My father and I were having a conversation yesterday about Mother’s Day and possible restaurants we might take mine to dinner. One of the things we decided was to purchase two dozen pink roses.

At first, he said he wanted to get red. Red, to me, always seems to show up at funerals and since I’ve been to way too many of them, I don’t feel comfortable giving red roses to anyone for anything.

My favorite happens to be pink…always has been, always will be. Soft pink roses seem just right. Not too harsh like red, not too bridal like white.

Anyway, he told me about how when he was growing up in New York City in the 1940 and 50s, on Mother’s Day a woman would wear either a white rose, signifying her mother had died, or a pink rose, signifying her mother was alive.

I had never heard that story and it really seems such a nice way to honor your mother whether she was still among us, or has passed on.

So, for me, I have the pleasure of still wearing a pink rose, but today, my heart and compassion goes out to all those who would be wearing a white rose.

And maybe there should be another color, perhaps purple or lavender, befitting the Foundation for Grieving Children, Inc., for those mothers who have buried children. The other side of motherhood is not just honoring our mothers, but mothers who can no longer be honored by children who have left us too soon.

Whether pink, or white and purple, we remember today all the wonderful things that mothers bring to our lives. But especially the fact that life itself began because of them.

Happy Mother’s Day.

A Father’s Grief After His Daughter’s Murder

The attempted murder of Tucson, Arizona Congresswoman Gabrielle Gifford as well as the murder of six others, including 9 year-old Christina Green, shocked Americans this weekend. A deranged gunman started shooting into a crowd at a outdoor gathering with Congresswoman Gifford’s constituents. She invited them to learn about legislation in Washington and to hear their concerns about their government and its policy.

As I am no stranger to homicide and how it affects those who survive the murder victim, I wanted to share this video between Fox News Channel’s Megyn Kelly and Mr. John Green, the father of young Christina Green. Little Christina was attending the town hall gathering with a neighbor because she wanted to learn more about the political process and listen to her first Congress member, having been elected to her school’s student council.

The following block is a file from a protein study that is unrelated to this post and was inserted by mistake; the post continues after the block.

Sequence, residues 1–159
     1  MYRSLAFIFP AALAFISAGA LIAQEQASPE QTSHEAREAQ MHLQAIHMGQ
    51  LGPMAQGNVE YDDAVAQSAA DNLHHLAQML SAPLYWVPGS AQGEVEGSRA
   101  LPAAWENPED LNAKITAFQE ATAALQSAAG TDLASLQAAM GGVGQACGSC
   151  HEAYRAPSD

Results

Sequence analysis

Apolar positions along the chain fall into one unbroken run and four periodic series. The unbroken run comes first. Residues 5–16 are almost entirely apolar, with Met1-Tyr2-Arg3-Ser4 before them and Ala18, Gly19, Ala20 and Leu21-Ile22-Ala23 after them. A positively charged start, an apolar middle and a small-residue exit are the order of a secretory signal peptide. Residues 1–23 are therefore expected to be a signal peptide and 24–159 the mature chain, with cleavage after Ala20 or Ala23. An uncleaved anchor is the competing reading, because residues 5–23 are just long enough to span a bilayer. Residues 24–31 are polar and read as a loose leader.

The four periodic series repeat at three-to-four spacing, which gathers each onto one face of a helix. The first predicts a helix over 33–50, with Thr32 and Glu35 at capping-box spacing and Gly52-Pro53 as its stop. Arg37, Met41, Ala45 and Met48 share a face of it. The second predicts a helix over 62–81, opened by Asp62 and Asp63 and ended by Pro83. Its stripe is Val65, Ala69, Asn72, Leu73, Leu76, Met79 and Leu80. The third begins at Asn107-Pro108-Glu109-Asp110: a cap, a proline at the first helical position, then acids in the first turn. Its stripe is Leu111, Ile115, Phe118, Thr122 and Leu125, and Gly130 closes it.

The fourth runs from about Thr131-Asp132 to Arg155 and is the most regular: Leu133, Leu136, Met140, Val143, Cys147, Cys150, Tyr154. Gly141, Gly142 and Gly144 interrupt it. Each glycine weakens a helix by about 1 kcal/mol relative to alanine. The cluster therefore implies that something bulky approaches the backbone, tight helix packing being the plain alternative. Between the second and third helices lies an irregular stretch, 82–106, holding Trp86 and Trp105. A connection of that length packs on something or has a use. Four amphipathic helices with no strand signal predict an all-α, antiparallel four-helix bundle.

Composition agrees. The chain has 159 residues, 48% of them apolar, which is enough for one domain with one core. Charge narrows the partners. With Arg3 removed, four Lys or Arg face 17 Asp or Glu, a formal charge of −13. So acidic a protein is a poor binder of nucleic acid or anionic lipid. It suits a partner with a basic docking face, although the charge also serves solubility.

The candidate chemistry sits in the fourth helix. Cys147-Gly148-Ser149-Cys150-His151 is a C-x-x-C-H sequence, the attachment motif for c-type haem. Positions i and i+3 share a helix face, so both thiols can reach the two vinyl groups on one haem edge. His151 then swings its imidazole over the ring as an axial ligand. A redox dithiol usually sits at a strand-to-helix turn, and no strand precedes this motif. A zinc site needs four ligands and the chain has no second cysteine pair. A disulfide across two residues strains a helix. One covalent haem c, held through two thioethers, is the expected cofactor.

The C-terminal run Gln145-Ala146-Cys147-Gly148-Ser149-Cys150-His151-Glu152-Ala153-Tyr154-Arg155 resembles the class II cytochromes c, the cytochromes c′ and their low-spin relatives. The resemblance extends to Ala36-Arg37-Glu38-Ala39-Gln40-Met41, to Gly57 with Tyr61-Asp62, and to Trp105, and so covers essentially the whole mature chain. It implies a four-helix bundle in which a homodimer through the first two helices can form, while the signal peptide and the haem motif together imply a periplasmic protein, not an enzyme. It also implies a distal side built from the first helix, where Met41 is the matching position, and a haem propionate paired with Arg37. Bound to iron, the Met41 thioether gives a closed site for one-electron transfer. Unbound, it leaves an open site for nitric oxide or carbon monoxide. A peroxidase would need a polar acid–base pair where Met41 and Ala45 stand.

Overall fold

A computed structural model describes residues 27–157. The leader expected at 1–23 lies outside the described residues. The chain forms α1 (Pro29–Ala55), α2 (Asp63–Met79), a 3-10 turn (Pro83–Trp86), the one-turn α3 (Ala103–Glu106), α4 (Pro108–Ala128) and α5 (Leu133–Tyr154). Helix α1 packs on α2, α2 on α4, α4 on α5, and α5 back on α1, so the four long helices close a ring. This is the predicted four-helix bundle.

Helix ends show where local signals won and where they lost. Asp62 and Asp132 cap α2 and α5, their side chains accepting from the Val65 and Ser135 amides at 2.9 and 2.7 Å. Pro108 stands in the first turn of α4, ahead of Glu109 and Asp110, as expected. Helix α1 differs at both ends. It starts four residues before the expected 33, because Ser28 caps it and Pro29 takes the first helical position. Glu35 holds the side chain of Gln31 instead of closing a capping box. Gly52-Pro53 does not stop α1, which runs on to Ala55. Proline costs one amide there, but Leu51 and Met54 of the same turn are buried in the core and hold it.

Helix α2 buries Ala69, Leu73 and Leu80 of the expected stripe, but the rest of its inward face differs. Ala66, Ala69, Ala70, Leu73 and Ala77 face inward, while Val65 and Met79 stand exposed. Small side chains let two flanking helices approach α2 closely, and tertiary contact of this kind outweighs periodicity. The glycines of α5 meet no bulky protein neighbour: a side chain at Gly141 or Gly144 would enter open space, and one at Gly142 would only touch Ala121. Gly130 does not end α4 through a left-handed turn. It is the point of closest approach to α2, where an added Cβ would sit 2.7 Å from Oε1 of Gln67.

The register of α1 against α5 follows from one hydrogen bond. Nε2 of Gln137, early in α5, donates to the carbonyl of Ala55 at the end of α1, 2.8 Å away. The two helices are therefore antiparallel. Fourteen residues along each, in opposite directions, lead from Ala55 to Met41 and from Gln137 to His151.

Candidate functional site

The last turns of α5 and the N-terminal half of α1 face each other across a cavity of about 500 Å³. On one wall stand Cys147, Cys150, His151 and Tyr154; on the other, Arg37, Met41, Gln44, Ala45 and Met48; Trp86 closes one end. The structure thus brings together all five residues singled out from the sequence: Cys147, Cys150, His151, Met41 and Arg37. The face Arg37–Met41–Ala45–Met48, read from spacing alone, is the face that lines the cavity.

Ironically, little Christina was born on September 11, 2001. I find it amazing that her life began on a day in our history when thousands were killed by terrorists, and she lost her life violently as well.

My condolences to her family and that of all the other victims of Saturday’s senseless shooting.

Please share your comments below.

Death of a Child…Age is Unimportant


As I read some of the recent posts to the Grieving Hearts group, it will always be true that no matter when a family loses a child they feel deep sadness for the inability to have seen that child grow beyond the years of their death.

It doesn’t matter whether they were an infant, a teenager, or a 42 year old. It only matters that for their family they won’t have the joy of seeing what they would have done with their life, all the experiences they would have had from that point on and the person they would have become later in life.

When an infant dies the entire cycle of life is considered. All the pleasure of raising that child, watching them grow into a fine young man or woman. Seeing them graduate high school and college. Perhaps seeing them marry and birth children of their own.

Yet when it’s a 42 or even 52 year old child to an older parent, that parent deals with all the additional years they would have had with their child. They also think of how they counted on their child to take care of them in the latter stages of their life.

Regardless of the number of missing years that a parent no longer has the privilege of experiencing, the pain is still great and the hole in the heart still remains. But over time, as grieving and anquish subside, there is a place where it turns to celebration and gratitude for one’s life, however long they happen to be with us.